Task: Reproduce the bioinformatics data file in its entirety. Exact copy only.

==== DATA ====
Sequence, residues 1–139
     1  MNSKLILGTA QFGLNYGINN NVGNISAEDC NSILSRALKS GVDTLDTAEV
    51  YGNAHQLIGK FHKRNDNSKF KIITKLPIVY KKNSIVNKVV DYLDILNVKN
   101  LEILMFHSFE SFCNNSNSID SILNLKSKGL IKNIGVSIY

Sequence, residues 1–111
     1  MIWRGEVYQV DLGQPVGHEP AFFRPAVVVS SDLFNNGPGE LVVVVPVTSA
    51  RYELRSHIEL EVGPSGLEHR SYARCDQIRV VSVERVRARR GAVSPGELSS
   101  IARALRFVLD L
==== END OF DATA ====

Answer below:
Sequence, residues 1–139
     1  MNSKLILGTA QFGLNYGINN NVGNISAEDC NSILSRALKS GVDTLDTAEV
    51  YGNAHQLIGK FHKRNDNSKF KIITKLPIVY KKNSIVNKVV DYLDILNVKN
   101  LEILMFHSFE SFCNNSNSID SILNLKSKGL IKNIGVSIY

Sequence, residues 1–111
     1  MIWRGEVYQV DLGQPVGHEP AFFRPAVVVS SDLFNNGPGE LVVVVPVTSA
    51  RYELRSHIEL EVGPSGLEHR SYARCDQIRV VSVERVRARR GAVSPGELSS
   101  IARALRFVLD L